The study, led by Patricia Pérez-Galán, head of the Microenvironment in lymphoma pathogenesis and therapy research group and researcher at CIBERONC, has been published in the journal Leukemia.
Follicular lymphoma is the second most common subtype of non-Hodgkin’s lymphoma, and the most prevalent form of indolent lymphoma in the Western world, representing 20-30% of all cases. Despite being indolent, follicular lymphoma is an incurable disease characterised by frequent relapses, which reduce the patient's chance of survival, and a cumulative risk of transformation into an aggressive lymphoma of 1% per year after diagnosis.
The origin of this lymphoma lies in the close collaboration between well-characterised genetic alterations and the interaction between the tumour cells and a complex microenvironment made up of various cell types. This study focused on the analysis of the interactions between the lymphoma cells and two fundamental populations in its microenvironment: the monocytes/macrophages and the follicular dendritic cells.
Thanks to the use of cell cultures from patients with follicular lymphoma and animal models (mouse), the authors showed that the interaction between the lymphoma and the dendritic cells in its microenvironment favours tumour growth. Moreover, through the secretion of two types of cytokine, it promotes the recruitment, the differentiation and the polarisation of the monocytes into pro-tumour macrophages (known as M2 macrophages), supporting the tumour and generating an immunosuppressive environment.
The analysis of cytokine CSF-1 and its receptor, fundamental in the process of differentiating and activating macrophages, revealed that high-grade patients, and thus those with the worst prognosis, present elevated serum CSF-1 concentrations and a high expression of the CSF-1R receptor in the tumour tissue, correlating moreover with a lower overall survival rate and a greater risk of transformation into an aggressive lymphoma.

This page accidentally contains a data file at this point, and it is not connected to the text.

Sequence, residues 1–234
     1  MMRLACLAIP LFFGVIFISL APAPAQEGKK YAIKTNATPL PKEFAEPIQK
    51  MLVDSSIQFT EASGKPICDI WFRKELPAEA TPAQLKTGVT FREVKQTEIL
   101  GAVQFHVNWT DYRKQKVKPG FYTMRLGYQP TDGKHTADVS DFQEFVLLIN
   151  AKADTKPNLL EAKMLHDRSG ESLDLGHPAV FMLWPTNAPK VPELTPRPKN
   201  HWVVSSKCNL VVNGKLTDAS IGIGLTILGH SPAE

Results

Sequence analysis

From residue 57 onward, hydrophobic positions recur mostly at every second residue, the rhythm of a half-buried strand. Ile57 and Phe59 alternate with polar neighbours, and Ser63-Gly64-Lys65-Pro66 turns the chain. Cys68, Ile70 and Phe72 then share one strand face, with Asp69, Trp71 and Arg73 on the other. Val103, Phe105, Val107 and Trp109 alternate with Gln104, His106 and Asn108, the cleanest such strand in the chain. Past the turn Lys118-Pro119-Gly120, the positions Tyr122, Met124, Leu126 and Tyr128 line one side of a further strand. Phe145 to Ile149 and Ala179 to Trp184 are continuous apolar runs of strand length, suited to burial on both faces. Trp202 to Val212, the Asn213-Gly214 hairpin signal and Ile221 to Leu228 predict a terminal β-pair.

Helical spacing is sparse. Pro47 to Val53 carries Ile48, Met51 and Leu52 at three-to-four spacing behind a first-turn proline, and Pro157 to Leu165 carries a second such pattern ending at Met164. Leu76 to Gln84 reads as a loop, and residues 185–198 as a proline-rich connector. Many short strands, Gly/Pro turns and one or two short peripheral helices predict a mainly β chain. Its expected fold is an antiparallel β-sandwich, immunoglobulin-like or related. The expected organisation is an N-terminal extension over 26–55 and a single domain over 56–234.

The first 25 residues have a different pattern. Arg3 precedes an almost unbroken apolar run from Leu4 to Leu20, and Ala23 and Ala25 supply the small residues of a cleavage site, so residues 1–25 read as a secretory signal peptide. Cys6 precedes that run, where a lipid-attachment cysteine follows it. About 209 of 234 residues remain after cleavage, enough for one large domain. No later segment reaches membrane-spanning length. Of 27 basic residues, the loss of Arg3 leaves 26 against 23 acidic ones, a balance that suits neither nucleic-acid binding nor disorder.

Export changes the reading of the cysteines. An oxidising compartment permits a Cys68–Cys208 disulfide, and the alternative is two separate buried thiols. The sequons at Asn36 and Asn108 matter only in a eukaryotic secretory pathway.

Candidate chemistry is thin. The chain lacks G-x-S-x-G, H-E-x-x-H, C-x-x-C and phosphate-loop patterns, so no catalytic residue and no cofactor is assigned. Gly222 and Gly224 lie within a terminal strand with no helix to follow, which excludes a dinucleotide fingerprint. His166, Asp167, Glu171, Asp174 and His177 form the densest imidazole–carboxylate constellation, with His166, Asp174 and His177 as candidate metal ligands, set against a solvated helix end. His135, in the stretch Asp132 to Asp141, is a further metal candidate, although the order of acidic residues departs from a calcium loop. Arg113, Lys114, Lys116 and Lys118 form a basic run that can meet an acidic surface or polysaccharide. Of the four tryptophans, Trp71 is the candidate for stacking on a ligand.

A new therapeutic strategy
Finally, the authors propose a new therapeutic approach, combining the CSF-1 receptor inhibitor pexidartinib, with the standard immunotherapy for follicular lymphoma (rituximab). This combination blocks the communication between the tumour cells and the M2-type macrophages, and leads to a re-education of the macrophages towards a pro-inflammatory, and thus anti-tumour, phenotype. “The result of this combined therapy is a powerful anti-tumour effect, without the need for the traditional chemotherapy cocktails,” comments the first author of the article, Juan García Valero.
To sum up, these results support the role of macrophages in the pathogenesis of follicular lymphoma, and indicate that the analysis of cytokines, and more specifically CSF-1 and its receptor, may be an important prognostic factor and a new therapeutic target that cooperates with the standard immunotherapy for this disease.
This study was funded by the Spanish Ministry of the Economy and Competitiveness (SAF2017-88275-R).
Valero JG, Matas-Céspedes A, Arenas F, Rodriguez V, Carreras J, Serrat N, Guerrero-Hernández M, Yahiaoui A, Balagué O, Martin S, Capdevila C, Hernández L, Magnano L, Rivas-Delgado A, Tannheimer S, Cid MC, Campo E, López-Guillermo A, Colomer D, Pérez-Galán P.